Without a shadow of doubt, the child justice system in Kenya is most ripe for reforms, in the nice liberal sense of the word, simply because there’s no getting around the fact that a child’s brain is not an adult brain.
Be that as it may, Kenya has made great strides in this regard through ensuring a significant majority of pieces of legislation that relates to the criminal justice system have a provision on children, key theme being promotion and protection of their rights. For purposes of this particular piece, we will dwell more on National Police Service Standing Orders as they make rather pertinent provisions touching on children in conflict with the law.
Down to specificity, chapter 46 of the National Police Standing Orders provides for freedom against torture, cruel treatment or punishment for children; freedom from arbitrary deprivation of liberty; affirmation that children offenders should be detained separately from adults; acknowledging that children should be provided with legal aid at the state’s expence among others.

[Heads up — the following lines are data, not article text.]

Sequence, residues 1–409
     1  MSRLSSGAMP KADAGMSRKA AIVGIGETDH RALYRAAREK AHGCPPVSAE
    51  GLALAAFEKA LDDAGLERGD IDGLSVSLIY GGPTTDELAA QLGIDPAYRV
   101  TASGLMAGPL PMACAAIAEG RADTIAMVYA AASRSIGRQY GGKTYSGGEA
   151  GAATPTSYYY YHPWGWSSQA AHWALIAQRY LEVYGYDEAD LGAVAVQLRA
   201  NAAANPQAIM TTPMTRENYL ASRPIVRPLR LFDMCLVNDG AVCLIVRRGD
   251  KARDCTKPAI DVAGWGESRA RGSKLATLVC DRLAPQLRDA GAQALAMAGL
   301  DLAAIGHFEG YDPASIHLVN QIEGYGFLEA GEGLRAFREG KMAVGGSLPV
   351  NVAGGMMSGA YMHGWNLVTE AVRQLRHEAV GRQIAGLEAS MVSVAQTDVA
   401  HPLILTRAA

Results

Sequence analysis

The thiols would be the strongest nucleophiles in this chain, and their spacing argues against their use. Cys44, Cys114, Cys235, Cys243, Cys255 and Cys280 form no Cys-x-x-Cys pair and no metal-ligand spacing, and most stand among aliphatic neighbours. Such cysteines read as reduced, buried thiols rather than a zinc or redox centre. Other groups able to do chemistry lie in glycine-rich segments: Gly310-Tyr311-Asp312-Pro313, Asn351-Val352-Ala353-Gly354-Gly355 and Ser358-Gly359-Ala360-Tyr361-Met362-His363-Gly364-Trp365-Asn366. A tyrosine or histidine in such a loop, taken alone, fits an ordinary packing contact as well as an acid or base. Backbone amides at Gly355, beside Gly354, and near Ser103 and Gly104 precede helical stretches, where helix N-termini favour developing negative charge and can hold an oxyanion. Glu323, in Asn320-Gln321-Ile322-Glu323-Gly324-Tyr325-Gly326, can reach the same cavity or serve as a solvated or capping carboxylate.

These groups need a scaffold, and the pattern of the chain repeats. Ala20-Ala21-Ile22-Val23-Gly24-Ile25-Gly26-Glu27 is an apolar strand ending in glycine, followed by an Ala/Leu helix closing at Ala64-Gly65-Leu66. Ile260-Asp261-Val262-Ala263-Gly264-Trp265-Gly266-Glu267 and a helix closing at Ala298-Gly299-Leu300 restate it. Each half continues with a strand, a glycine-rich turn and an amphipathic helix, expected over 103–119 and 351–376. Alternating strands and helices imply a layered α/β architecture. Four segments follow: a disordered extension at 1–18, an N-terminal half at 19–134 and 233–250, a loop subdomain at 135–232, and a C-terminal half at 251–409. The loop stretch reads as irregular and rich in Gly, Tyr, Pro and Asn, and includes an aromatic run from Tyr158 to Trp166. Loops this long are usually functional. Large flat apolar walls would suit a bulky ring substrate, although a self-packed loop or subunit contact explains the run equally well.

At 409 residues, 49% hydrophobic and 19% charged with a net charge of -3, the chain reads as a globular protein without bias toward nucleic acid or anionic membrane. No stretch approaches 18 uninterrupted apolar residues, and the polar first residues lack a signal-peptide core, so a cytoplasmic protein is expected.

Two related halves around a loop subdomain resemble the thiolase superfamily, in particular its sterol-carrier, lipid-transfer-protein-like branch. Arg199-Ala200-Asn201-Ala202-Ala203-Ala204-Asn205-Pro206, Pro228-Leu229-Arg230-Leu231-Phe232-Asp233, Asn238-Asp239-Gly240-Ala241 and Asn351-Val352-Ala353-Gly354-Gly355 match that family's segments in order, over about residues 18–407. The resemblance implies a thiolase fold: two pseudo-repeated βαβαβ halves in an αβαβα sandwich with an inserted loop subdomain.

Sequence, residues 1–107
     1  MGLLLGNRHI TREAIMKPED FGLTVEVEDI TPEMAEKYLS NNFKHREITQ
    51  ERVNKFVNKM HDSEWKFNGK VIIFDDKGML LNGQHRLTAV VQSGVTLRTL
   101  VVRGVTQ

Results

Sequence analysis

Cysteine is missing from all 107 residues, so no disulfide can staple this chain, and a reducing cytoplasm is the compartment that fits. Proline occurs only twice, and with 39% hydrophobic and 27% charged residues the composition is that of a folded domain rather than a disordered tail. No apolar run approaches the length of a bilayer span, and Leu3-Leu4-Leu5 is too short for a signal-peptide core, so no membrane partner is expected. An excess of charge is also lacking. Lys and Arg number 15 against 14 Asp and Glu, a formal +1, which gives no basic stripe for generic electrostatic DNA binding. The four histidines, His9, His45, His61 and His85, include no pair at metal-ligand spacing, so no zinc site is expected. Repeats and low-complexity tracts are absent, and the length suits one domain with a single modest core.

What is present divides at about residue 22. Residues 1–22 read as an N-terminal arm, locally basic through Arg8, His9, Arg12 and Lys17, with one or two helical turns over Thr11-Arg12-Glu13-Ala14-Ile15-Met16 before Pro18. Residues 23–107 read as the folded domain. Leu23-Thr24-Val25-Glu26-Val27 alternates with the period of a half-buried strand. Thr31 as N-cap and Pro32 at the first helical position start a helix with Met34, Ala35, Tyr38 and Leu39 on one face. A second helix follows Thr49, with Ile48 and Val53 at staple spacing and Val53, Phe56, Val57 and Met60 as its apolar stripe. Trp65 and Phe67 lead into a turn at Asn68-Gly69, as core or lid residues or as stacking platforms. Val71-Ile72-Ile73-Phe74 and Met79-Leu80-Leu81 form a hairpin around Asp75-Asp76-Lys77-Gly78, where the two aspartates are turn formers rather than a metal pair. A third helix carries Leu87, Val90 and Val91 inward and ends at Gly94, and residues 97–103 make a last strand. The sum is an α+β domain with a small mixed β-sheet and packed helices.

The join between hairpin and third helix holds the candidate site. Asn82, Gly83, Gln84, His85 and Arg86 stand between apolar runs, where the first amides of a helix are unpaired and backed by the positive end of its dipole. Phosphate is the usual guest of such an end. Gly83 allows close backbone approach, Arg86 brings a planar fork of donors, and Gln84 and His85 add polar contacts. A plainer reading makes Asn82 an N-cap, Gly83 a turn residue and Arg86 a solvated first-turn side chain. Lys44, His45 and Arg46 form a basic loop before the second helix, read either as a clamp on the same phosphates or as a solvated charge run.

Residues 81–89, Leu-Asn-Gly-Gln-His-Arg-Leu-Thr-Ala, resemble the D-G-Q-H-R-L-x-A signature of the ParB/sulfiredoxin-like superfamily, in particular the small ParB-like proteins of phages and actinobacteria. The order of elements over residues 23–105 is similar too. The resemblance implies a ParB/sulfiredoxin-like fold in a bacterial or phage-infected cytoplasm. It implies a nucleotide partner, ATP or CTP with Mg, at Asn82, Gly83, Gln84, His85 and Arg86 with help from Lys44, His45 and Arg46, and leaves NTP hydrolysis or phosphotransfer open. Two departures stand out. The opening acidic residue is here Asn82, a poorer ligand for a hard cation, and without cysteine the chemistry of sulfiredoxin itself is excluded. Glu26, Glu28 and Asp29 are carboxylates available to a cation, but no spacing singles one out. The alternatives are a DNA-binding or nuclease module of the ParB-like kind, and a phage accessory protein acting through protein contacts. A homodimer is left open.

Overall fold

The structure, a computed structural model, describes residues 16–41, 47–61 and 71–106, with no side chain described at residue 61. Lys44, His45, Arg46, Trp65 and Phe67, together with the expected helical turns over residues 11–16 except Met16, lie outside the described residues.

From a procedural perspective, the Standing Orders provides that interrogation for children should only be done in presence of a legal representative and on matters of transport, children should not be transported together with adults unless the adult is an accomplice, a guardian or a relative. To safeguard children against criminal record tag, the standing orders makes a provision for maintenance of a separate record and most importantly, ensuring girls who are minors are put under the care of a female police officer including during transport to court and back.